What do the Labour Party conference, Glastonbury and sex have in common?

They’re good to watch on TV but it’s better to be there.

Conference has a special atmosphere, even in the difficult times. The superficial thrill of seeing national politicians and TV pundits wandering around the streets adds to it. The pleasure of feeling part of something relevant and important is deeply satisfying. As is being able to drink lots of free booze.

One of my guilty pleasures is observing the different types of people you get at Conference. Here are just a few…

Call of the mild

Who’s that pretending to take a call while wandering into shot? The political equivalent of the blokes on Booze Britain who can’t walk past a camera without being lairy, these individuals try to be more subtle. They’ll drift into view with their phone firmly stuck to their ear but their eyes give it away. They’re looking right at the camera. See if you can spot a mate doing it. Every year I wish someone would shout “oi oiii” at Andrew Neill. Every year I’m disappointed. Please, if you’re going, do it for all of us.

Out of office

Former leaders and ministers can breeze about at a slower and more relaxed pace than they used to. They look happier and less tired. Well, most of them do. Others feel awkward about being there and wear the embarrassed expression of someone who’s discovered their flies have been down all afternoon.

A load of stunts

In any other week of the year trying to grab a politician’s attention with an inflatable sperm would seem like madness. Not here. It appears to be the rule that each member of staff on an exhibition stand has to have ridiculous gimmick. What’s even more amazing is that politicians will flock to these bizarre photo opportunities like looters to JD Sports. “You’re campaigning against Sunday trading so you want me to put a rat on my head? Sure.”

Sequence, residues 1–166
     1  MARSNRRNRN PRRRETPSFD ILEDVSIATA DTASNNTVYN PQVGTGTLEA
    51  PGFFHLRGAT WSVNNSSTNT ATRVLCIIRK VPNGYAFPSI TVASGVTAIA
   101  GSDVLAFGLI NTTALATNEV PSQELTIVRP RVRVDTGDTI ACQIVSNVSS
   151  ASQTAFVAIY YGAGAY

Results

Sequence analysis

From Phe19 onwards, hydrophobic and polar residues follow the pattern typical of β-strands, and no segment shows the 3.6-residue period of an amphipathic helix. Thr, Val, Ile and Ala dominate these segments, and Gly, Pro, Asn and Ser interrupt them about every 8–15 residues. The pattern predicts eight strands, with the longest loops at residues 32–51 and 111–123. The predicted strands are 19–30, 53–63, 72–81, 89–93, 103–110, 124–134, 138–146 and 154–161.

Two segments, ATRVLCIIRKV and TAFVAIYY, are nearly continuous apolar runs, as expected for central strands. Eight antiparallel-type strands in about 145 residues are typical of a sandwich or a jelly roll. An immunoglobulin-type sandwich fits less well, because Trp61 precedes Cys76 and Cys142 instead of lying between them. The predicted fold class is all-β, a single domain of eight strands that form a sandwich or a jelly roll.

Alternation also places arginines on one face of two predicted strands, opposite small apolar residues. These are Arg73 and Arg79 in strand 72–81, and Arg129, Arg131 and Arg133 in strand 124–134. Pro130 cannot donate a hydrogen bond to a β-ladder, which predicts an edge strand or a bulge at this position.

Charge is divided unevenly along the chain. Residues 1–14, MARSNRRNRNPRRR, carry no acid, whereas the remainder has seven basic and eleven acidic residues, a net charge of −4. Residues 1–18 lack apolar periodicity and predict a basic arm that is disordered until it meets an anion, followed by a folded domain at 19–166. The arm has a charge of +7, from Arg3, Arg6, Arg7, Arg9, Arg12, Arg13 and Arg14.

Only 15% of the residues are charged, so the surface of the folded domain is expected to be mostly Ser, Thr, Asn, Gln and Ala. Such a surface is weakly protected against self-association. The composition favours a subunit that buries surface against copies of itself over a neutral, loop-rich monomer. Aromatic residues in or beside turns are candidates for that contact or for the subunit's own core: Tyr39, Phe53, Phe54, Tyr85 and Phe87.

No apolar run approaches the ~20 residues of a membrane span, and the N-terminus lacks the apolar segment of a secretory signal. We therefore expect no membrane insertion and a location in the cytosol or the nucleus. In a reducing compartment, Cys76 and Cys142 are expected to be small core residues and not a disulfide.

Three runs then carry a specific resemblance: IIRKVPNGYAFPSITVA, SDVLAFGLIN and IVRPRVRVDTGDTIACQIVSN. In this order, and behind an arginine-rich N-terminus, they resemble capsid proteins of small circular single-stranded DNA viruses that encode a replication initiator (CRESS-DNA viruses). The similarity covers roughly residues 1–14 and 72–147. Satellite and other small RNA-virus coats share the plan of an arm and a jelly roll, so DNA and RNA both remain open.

Drink Tank

“Hi, I’m Lawrence Howitt from BS Public Affairs, we’re hosting a thought event about citizen engagement via online packages that click through to a consultation matrix, would you like to come along?”

“Will there be free booze?”


“I’m there”.

Suffer these tieless types for they will feed and refresh you.

Deja Who?

“Yes, we’ve met before” they say after you introduce yourself. If you have met them before you’re always impressed that a shadow cabinet minister has remembered you. If you haven’t met them before, you’re left questioning your sanity. For years I thought there must have been something particularly memorable about me as the great and the good always seemed to know who I was. It was upon meeting George Osborne that my world changed. “Yes, we’ve met before” he said. It was impossible so the words rang around my head. “Why would he say that if we hadn’t?” I thought. Then it hit me. They all do it. “Son of a…”

Glare in the community

Characterised by their rigid posture and thousand-yard stare, this particular breed of political animal is deeply insecure. They want you to think “hey look at that guy swanning around, I bet he’s dead powerful and charismatic”. What you’ll really think is “what a tool”. It’s not that these individuals are bad, it’s just status is the only thing that validates their existence. Which makes for dreadful conversation. Listen out for their trademark inflection when they utter dull phrases such as “we need to work on messaging”.

The protest with the mostest